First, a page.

Mass Balance Studies on the Ellesmere Ice Shelf
Journal of Glaciology
IN the next paper Dr. H. Lister reported the results of recent work which included two profiles across the Ellesmere Ice Shelf, one of which ran across Ward Hunt Island. In both profiles an attempt was made to run a level traverse across the shelf. It was hoped that, by doing this before and after the ablation season, it would be possible to find the ablation including bottom melting. However difficulties were experienced both in locating sea-level using bore holes, and in allowing for tidal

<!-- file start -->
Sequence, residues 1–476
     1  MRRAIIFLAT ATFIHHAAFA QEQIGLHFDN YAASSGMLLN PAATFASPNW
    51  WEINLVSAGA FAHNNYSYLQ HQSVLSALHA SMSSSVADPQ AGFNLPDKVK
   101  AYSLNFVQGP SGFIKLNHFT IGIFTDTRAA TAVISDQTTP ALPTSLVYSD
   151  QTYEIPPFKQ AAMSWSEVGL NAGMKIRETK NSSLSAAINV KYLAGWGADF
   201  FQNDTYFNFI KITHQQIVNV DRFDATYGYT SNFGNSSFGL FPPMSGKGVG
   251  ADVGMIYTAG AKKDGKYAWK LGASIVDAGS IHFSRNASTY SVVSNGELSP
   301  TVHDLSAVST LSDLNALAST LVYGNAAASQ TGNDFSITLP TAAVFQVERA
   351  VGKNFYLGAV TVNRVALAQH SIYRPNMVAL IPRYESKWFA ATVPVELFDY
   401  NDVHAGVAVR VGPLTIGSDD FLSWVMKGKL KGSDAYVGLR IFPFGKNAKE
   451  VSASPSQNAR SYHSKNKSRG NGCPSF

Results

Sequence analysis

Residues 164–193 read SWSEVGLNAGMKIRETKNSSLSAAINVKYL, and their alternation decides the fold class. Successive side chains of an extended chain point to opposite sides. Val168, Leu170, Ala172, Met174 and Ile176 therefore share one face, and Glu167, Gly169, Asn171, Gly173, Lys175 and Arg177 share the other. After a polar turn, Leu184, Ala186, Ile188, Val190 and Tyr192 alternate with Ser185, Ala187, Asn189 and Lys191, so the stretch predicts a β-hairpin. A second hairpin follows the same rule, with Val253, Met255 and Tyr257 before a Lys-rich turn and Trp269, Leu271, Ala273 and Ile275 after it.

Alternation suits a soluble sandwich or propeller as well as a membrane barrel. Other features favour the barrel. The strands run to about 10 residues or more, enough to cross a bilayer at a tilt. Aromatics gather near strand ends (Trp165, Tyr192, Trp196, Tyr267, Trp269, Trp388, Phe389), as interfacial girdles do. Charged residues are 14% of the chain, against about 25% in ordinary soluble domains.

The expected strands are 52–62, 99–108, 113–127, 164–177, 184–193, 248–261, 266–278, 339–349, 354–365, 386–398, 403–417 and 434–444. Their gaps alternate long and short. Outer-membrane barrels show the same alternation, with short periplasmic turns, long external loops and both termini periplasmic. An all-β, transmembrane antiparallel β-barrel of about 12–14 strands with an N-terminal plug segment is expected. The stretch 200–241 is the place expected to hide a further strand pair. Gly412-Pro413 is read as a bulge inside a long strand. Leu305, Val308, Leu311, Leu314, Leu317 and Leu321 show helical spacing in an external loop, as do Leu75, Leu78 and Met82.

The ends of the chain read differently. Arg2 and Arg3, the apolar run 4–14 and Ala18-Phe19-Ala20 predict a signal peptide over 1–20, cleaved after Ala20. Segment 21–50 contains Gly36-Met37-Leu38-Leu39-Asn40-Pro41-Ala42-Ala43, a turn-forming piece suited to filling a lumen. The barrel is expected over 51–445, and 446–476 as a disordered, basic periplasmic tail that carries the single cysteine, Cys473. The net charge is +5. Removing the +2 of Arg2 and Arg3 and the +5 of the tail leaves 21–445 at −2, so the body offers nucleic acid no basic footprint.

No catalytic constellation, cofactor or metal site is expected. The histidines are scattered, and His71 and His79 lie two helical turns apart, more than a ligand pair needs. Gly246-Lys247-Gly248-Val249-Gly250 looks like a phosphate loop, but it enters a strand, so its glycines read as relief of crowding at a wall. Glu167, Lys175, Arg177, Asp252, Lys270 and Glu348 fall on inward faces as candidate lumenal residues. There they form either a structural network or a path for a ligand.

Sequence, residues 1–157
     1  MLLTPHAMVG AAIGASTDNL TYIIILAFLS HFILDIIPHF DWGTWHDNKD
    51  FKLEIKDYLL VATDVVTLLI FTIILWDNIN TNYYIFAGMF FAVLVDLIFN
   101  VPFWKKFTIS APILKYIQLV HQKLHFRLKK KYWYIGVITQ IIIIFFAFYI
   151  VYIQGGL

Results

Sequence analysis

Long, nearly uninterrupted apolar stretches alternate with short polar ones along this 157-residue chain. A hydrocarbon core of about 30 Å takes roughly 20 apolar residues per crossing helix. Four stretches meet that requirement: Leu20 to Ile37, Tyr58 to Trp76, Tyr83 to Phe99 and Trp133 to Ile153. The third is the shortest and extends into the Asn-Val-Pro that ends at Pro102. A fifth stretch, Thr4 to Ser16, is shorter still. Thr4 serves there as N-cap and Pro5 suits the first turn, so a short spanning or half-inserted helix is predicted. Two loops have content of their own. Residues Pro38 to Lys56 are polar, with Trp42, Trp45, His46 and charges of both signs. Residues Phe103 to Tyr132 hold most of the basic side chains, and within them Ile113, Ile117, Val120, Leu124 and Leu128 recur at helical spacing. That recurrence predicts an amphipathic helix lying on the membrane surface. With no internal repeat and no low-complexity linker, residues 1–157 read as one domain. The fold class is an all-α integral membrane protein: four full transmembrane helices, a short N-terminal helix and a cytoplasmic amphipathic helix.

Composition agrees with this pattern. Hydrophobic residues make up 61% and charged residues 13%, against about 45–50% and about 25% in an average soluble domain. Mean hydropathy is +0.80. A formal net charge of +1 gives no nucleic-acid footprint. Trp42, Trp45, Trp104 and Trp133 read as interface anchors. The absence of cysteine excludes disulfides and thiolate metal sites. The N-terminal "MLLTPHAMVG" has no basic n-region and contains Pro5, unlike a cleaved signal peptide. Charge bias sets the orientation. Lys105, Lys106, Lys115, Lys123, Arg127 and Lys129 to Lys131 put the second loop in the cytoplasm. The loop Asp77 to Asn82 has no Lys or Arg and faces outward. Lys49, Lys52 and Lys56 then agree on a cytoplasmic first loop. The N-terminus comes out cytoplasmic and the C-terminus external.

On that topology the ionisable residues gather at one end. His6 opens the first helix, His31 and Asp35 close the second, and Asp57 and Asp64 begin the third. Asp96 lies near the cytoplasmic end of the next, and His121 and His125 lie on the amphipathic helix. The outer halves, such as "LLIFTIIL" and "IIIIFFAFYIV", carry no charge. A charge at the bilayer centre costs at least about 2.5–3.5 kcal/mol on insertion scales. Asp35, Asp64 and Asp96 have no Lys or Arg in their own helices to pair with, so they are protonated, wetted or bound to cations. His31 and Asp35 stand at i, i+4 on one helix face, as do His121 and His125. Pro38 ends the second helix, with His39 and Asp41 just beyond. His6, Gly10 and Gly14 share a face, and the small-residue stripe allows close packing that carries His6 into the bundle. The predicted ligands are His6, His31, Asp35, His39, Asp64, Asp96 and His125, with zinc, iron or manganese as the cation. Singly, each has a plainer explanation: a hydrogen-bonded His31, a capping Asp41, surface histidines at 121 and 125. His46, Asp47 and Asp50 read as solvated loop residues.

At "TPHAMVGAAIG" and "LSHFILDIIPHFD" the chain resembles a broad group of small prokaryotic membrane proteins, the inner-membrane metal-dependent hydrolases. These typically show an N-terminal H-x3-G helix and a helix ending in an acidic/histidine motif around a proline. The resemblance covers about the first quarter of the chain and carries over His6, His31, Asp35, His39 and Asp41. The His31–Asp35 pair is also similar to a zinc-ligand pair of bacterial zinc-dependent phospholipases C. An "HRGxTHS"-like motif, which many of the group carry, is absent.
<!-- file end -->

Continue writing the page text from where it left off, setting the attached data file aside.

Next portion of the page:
... lowing for tidal action, and it was not possible to close the level traverses very satisfactorily; the closure was about 15 in. (38 cm. ). The expedition also studied the salinity of sea-water near the shelf and drilled cores to help identify the origin of the ice. Between Ward Hunt Island and Ellesmere Island itself there was white ice overlying very dirty ice, presumably an ablation layer, and this boundary intersected the surface ridge and trough system uncomformably. Thin-section studies on the cores showed that on the ice rise the material started as snow, while in the area of the embayment in the north-east corner of the ice shelf (from which it is thought the " ice island" T-3 broke away) the ice originated as frozen sea-water, a structure that is similar to that of the troughs of the shelf. Dr. Lister then discussed possible theories of the origin of the ridge and trough system, including glacier pressure, barchan-like dunes, a mechanism in which water, blown from the troughs, would orient them parallel to the wind-rose maxima, and tidal warping. As evidence to help decide between these, the amount of snow lying in the troughs was about 30 cm. compared with about 20 cm. on the crests, so there is more snow in the troughs, however this acts as a blanket and keeps the ice in the troughs warm. The troughs seem somewhat different near the ice front, which may suggest that they form there, and Dr. Lister thought that it was likely that their formation was contemporary with the formation of the shelf, possibly being similar to the formation of pressure ice.